Early AIDS Activists Remember Beginning of HIV Epidemic as ‘Hysteria,’ Rumors Over Bioterrorism Continue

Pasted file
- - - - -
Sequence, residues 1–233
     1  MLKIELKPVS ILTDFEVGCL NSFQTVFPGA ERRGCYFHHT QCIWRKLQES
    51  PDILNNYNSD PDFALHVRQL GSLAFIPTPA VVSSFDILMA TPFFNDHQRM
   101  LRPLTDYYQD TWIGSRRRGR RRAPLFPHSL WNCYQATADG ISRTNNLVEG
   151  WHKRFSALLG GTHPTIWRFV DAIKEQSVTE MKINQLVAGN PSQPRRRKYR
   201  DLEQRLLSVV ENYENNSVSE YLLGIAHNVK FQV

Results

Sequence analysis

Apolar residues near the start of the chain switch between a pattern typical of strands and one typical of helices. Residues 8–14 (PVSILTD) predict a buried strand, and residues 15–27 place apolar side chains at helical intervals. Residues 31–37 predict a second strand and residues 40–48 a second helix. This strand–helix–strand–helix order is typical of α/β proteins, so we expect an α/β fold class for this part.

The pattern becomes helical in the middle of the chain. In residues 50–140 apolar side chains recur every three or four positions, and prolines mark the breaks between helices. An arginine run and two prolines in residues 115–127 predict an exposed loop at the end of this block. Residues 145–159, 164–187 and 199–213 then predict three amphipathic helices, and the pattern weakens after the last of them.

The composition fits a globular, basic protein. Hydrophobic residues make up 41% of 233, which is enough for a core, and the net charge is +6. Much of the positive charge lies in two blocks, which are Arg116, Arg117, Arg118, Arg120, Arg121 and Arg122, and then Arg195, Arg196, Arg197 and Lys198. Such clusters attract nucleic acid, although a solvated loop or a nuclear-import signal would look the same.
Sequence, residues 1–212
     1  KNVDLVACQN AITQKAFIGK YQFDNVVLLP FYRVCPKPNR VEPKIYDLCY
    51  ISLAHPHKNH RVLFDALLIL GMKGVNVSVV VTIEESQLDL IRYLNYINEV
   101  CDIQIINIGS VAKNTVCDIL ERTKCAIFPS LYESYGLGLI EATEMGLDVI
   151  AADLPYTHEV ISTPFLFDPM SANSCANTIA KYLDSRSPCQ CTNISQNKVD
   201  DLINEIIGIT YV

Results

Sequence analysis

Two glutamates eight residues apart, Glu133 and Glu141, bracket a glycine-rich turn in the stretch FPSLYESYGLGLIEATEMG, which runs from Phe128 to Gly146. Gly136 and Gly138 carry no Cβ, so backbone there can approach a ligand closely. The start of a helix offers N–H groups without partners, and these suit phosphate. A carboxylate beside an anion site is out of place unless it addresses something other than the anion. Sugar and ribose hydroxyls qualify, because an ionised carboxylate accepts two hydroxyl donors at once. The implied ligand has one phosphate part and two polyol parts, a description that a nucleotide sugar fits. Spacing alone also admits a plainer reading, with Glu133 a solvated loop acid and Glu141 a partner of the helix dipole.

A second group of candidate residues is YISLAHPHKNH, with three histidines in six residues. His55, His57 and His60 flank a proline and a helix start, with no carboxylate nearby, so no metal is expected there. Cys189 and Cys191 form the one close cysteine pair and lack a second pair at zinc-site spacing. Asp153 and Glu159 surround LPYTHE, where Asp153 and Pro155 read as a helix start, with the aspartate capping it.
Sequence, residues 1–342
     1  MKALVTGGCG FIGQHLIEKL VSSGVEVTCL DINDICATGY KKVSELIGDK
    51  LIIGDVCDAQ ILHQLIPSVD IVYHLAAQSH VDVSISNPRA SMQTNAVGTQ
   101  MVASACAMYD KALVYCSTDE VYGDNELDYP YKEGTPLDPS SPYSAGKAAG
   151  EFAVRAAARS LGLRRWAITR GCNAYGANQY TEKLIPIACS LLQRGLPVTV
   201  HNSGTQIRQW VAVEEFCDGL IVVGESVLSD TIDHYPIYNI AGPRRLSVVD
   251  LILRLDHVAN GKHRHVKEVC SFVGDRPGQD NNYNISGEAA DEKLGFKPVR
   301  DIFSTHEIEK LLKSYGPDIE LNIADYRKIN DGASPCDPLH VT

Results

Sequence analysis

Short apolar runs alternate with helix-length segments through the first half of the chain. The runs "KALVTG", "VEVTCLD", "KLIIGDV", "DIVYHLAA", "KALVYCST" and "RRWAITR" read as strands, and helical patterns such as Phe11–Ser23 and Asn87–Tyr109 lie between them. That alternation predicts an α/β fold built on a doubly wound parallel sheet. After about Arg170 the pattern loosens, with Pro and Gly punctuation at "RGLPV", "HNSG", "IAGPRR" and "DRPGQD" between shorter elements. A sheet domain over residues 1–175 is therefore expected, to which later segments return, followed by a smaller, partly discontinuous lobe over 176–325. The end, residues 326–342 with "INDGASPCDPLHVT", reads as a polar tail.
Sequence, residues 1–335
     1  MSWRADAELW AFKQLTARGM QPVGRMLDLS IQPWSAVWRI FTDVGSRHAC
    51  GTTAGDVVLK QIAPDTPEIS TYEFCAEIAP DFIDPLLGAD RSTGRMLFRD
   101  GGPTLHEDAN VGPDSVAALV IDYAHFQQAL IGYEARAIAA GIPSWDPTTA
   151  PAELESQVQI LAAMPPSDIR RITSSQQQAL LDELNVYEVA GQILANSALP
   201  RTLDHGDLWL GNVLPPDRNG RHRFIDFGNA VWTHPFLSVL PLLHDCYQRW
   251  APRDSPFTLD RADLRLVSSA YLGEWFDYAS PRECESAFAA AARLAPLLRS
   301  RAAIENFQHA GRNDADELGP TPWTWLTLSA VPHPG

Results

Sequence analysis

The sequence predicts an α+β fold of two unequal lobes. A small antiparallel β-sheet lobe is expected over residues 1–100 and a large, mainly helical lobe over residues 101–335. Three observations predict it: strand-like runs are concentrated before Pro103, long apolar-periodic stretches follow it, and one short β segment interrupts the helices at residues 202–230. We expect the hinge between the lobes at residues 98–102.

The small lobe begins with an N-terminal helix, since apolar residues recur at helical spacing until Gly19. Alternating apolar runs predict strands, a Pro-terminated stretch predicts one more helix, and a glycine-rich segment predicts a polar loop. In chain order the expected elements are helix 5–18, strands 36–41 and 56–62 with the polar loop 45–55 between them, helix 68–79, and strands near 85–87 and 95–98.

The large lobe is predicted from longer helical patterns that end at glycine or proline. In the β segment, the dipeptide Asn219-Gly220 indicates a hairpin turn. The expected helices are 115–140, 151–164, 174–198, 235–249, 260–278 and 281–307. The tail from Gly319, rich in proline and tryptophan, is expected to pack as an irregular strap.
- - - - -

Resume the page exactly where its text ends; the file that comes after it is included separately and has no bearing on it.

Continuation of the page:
AIDS activists who were among the first at the front lines of the epidemic in the 1980s have observed that today's "hysteria" over the threat of bioterrorism is "unsettlingly familiar," the Miami Herald reports. "I remember the hysteria. I've noticed how similar the tone is," Greg Scott, the newly elected president of the People With AIDS Coalition of Broward County, Fla., said, adding that the anthrax scare "carries with it some of the same uncertainties," but lacks the "sexual stigma" of AIDS. The Herald reports that "ignorance [about bioterrorism] is running even with accuracy" right now, as it did in the early days of the AIDS epidemic; "baffled" public health officials have given the public "conflicting or bare-bones" information that has created "more confusion than clarity" and people are confusing "every abnormality" for symptoms of anthrax. Dr. Margaret Fischl, an AIDS researcher at the University of Miami who has been involved since the beginning of the epidemic, said public health officials could learn from the AIDS experience. "Education is how you deal with the fear. Recognizing how (HIV) was transmitted and how it was not transmitted. We would hammer that out with bulletins ... I think all of those were progressively important things that helped us with HIV," she said. Such education campaigns helped dispel myths and calm the public's fears about HIV/AIDS, relieving much of the anxiety over the disease even though 42,000 new diagnoses were made last year. The full article with other personal accounts is available online at the Herald Web site (Brecher/Smith, Miami Herald, 11/1).This is part of the KHN Morning Briefing, a summary of health policy coverage from major news organizations. Sign up for an email subscription.